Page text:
747 Live’s Dota 2 roster is a new entry to the SEA region, but with another team sponsored by the betting company there are concerns.

Southeast Asian competitive Dota 2 could face allegations of a conflict of interest as a new team sponsored by a betting company joins the scene. 747 Live Dota, an organization unveiled on Sunday, Nov. 5, brings a series of familiar faces together to create a new Dota 2 stack.

The team’s namesake sponsor, 747 Live already sponsors storied SEA Dota organization Execration Predator. 747 Live, an online gambling operator, has been a jersey sponsor of Execration since February 2023. The latest images on the team’s social media still display the 747 Live logo, meaning it’s a good assumption the sponsorship is still in place.

However, these two sponsorships could lead to a conflict of interest, where a team owned by a betting company (747 Live Dota) finds itself playing against another team in the same region, sponsored by the same company (Execration Predator). Beyond this, questions of competitive integrity could be raised when multiple teams competing against each other are effectively bankrolled by the same organization.

Betting sponsors like 747 Live are not uncommon in Dota 2, with dozens of teams and organizations supported in some way by the gambling industry. BetBoom Team is another team whose title sponsor is a betting company, while Tundra, Talon Esports, and Team Spirit are just a few of the companies who have had betting sponsors on their jerseys in the past year. In some cases, it’s been same betting sponsor on several teams, with Betway and 1xBet sponsoring multiple rosters.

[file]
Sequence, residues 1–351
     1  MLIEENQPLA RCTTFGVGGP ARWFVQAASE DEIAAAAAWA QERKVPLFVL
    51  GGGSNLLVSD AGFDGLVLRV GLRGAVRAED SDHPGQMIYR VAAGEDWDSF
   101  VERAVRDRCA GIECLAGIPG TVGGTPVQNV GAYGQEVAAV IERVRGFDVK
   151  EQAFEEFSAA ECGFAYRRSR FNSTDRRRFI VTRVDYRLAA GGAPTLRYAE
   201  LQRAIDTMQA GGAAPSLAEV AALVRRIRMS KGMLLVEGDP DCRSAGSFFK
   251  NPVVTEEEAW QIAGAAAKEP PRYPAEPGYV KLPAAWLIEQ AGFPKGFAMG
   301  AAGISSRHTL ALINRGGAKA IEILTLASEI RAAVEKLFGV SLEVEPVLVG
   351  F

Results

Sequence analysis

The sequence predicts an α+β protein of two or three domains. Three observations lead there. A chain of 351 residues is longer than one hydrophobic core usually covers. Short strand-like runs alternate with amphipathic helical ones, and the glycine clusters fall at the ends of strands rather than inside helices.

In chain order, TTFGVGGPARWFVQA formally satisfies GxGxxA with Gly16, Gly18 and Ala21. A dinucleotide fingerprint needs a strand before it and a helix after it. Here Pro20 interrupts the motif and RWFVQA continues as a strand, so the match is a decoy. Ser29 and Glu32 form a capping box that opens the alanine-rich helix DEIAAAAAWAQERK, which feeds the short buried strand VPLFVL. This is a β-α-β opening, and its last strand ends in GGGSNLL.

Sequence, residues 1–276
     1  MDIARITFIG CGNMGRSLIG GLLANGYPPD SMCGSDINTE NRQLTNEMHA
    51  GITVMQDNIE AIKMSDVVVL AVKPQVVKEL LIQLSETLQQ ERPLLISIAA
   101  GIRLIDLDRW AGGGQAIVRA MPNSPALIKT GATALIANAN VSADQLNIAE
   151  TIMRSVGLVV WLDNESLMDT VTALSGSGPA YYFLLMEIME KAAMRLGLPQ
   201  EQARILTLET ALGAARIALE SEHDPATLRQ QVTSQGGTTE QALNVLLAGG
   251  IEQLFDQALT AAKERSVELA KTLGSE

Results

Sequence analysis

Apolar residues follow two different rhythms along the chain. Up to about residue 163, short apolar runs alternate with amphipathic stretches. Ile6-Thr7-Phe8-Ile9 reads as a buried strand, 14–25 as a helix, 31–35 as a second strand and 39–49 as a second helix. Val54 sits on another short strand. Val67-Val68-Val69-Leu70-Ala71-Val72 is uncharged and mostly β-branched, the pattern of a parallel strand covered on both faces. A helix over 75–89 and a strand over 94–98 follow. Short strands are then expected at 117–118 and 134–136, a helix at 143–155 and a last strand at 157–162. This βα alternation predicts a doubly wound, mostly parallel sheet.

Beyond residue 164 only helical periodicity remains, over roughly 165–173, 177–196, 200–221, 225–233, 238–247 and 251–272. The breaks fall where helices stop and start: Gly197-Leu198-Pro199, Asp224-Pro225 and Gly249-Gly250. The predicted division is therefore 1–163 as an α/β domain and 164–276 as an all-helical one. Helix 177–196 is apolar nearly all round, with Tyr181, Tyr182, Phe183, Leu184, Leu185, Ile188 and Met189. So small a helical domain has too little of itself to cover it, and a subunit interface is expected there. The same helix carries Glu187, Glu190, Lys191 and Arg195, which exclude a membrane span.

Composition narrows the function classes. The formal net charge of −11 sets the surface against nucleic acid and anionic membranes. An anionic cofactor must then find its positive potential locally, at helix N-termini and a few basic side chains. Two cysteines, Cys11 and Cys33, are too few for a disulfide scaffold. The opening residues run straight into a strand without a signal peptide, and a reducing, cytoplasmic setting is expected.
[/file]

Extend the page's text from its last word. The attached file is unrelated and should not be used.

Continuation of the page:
Even so, concerns over conflicts of interest have remained limited, perhaps due to the previously segregated nature of the Dota Pro Circuit. Although sponsors often support multiple teams, with regional leagues and few international events, it’s only been on the rare occasion these teams face each other. 

The 747 Live sponsorship of both their new Dota 2 stack, and Execration, is potentially one of the more obvious cases of a conflict of interest arising from sponsors within a region.

Unfortunately, if there was an issue, the current state of competitive Dota doesn’t lend itself to arbitrating or overseeing it. In the past, the DPC rulebook barred teams from the same parent organization competing against each other in the same leagues, although was more lenient on teams with the same sponsors. With the DPC dissolved, there’s effectively no rulebook. And with no rulebook, organizations will be their own arbiters of what does and doesn’t constitute conflict of interest.

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